May 24, 2013
‘Don’t Ask’: Not Quite Fa La La Just Yet
Posted on Dec 22, 2010
By Larry Gross
According to the mainstream media and the Obama administration, it would appear that all us gay folks should don our gay apparel and go caroling from 1600 Pennsylvania Ave. to the Capitol, thanking our elected representatives for finally giving us the right to kill and be killed without simultaneously hiding in the closet. Progress, no doubt, in the sense that any denial of our civil rights is a denial of our basic right to full citizenship—but not a cause for unalloyed celebration.
Consider that President Obama campaigned on a menu of promises to lesbian, gay, bisexual and transgender folks, and I very much doubt that most of us would have put repealing “don’t ask, don’t tell” at the top of that list. Early on Congress added sexual orientation to existing federal hate crimes legislation, which was one item on the promised agenda—although another that evokes ambivalence, given the troubling civil liberties aspects of hate crime laws. Here, too, as with the military, we seem confined to saying “we’re not thrilled with the institution, but if it exists we shouldn’t be excluded.” I think it is fair to say that two other issues ranked higher on the LGBT agenda than either hate crimes or DADT: enacting the Employment Non-discrimination Act [ENDA] in its transgender-inclusive form, and repealing the Defense of Marriage Act [DOMA].
Bills to provide gay folks with protection against discrimination in housing, employment and public accommodation have been introduced in Congress since the mid-1970s and, while the number of co-sponsors has increased, they have never approached the threshold of success. As a matter of strategy, the organizations that claim to speak for the LGBT “community,” notably the Human Rights Campaign (the civil rights group that dare not speak its name), narrowed the focus of the legislation to employment discrimination, presumably because this was viewed as less controversial (and it is supported by large numbers in opinion polls). Still, ENDA has not yet passed either house of Congress, and no one expects Speaker-to-be John Boehner to shed any tears over this issue.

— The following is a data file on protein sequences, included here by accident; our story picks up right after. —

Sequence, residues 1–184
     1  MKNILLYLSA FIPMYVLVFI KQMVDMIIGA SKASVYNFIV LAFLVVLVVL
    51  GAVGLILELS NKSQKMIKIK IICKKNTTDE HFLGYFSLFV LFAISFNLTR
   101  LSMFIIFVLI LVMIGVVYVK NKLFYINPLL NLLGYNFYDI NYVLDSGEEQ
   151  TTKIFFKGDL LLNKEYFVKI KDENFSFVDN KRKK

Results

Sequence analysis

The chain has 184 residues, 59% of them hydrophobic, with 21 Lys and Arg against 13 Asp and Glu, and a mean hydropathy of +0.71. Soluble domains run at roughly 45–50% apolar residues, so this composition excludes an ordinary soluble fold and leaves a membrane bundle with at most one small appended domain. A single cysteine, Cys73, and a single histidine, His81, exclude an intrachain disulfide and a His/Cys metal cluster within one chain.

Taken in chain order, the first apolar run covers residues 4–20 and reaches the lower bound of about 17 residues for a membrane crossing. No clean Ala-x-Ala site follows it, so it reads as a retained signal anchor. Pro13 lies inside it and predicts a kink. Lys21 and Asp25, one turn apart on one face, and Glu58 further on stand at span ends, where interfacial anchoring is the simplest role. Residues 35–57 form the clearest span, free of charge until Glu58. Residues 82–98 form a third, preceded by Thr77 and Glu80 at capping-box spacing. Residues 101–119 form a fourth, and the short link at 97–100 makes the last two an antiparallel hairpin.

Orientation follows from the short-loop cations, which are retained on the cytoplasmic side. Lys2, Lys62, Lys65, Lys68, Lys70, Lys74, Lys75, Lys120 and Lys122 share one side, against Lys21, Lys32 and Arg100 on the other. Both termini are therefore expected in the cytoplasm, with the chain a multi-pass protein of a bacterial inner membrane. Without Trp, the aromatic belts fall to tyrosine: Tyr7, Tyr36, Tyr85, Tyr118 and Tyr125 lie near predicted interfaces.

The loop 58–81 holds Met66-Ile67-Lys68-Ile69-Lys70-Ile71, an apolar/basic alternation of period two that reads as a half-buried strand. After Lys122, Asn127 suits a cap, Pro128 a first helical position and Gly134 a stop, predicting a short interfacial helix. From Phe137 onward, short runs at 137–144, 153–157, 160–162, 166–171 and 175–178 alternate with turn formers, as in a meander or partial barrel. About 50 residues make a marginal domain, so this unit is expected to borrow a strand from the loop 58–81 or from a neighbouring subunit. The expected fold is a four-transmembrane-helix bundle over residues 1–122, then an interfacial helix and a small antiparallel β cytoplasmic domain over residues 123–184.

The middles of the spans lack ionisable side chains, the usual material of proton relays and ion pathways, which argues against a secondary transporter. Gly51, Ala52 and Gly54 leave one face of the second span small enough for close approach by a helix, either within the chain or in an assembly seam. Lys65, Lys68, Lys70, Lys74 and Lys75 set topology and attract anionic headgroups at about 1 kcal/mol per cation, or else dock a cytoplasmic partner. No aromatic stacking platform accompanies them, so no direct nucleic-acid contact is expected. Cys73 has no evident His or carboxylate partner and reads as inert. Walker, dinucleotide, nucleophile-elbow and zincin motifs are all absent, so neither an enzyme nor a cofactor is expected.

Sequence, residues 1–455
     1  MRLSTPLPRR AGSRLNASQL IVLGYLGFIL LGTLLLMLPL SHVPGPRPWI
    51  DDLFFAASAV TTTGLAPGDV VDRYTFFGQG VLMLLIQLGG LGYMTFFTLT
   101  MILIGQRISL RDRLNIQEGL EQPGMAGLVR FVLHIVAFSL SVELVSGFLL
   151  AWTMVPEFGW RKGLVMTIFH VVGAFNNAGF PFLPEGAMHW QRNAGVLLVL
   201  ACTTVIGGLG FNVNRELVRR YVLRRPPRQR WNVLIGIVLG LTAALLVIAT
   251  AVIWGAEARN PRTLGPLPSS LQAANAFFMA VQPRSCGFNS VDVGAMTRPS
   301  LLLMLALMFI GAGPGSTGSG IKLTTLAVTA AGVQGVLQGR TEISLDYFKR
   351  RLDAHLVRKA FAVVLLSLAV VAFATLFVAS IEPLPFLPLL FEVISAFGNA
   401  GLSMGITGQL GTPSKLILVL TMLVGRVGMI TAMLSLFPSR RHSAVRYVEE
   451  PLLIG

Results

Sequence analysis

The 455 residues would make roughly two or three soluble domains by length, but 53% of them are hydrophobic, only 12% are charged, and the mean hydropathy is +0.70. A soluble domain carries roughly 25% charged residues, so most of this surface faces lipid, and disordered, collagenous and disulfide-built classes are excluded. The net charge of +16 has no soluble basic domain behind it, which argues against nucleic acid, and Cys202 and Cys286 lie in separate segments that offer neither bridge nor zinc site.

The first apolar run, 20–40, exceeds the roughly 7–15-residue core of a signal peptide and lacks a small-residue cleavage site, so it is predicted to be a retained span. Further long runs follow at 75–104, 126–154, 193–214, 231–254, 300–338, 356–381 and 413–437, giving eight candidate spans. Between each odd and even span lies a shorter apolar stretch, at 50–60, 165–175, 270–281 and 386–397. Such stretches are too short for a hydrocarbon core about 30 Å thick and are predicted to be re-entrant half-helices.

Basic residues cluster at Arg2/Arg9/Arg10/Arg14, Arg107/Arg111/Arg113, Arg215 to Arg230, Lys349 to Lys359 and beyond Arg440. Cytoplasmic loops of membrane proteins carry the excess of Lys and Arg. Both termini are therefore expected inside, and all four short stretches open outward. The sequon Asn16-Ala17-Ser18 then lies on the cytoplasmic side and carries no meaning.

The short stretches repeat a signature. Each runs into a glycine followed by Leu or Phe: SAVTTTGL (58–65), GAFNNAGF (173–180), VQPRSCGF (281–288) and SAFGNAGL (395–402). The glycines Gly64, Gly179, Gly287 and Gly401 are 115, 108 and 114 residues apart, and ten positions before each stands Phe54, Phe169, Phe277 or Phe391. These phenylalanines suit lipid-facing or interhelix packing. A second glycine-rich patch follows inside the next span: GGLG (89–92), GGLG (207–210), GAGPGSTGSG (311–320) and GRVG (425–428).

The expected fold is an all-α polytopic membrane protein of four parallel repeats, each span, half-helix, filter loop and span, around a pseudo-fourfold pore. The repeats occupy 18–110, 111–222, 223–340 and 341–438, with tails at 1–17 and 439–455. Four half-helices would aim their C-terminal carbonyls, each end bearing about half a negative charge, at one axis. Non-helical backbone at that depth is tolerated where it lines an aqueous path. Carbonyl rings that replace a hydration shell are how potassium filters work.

Twenty-one states have enacted some version of ENDA and some of these cover housing and public accommodation, as do ordinances in over 140 cities and counties. But it remains the case that in more than half of the states in the USA, it is not illegal to fire someone or deny them housing or public accommodation on the grounds of sexual orientation.
Marriage equality has been the hottest button on the political dashboard since the Hawaii Supreme Court first pushed it in 1993. Since then, over half the states have enacted prohibitions against same-sex marriage—14 states did this in 2004 alone, an election year in which the Republican platform included a call for a constitutional amendment to prevent same-sex marriage. At the moment, five states (Massachusetts, Connecticut, Iowa, Vermont and New Hampshire) and the District of Columbia have legalized same-sex marriage. The California Supreme Court legalized it, but the decision was nullified by Proposition 8 in 2008, and a legal challenge in federal court is headed toward the U.S. Supreme Court.
Incidentally, DOMA will create some interesting conflicts with the military’s soon-to-be nondiscriminatory status. Will a married gay couple in the military be married when they’re stationed in Connecticut but not when they’re transferred to New York? Will a surviving spouse be eligible for military benefits, yet still be denied Social Security benefits?
As we approach the midpoint of President Obama’s first term, it is true that some promises have been kept, but it’s also likely that we will now be told to be quiet and be grateful, and go back to our accustomed place at the rear of the political bus. At least, Rahm Emmanuel might have told us were he not now running for mayor of Chicago and suddenly a vocal supporter of same-sex marriage, we’re not being thrown under the bus. At the moment.
Still, the more important items on our agenda, enacting ENDA and repealing DOMA, seem no further along than they did last month, and it’s hard to believe that our “fierce advocate” (as Obama characterized himself during the campaign) will see our issues as helpful in his neo-Clintonian triangulating phase.
In the end, the solution is simple, if not immediately strategic: Sexual orientation should be added to the basic federal civil rights legislation. Pure and simple. This would obviate the need for ENDA, kill DOMA, and make DADT-type discrimination impossible. Of course, politics, like truth, is rarely pure and never simple, and we won’t get there anytime soon. But despite the excessive influence of the older, less-educated, rural and religious states (see my article on Lady Gaga), the demographic facts are on our side. It may take a while till we sing joyous, all together, but the day will come.
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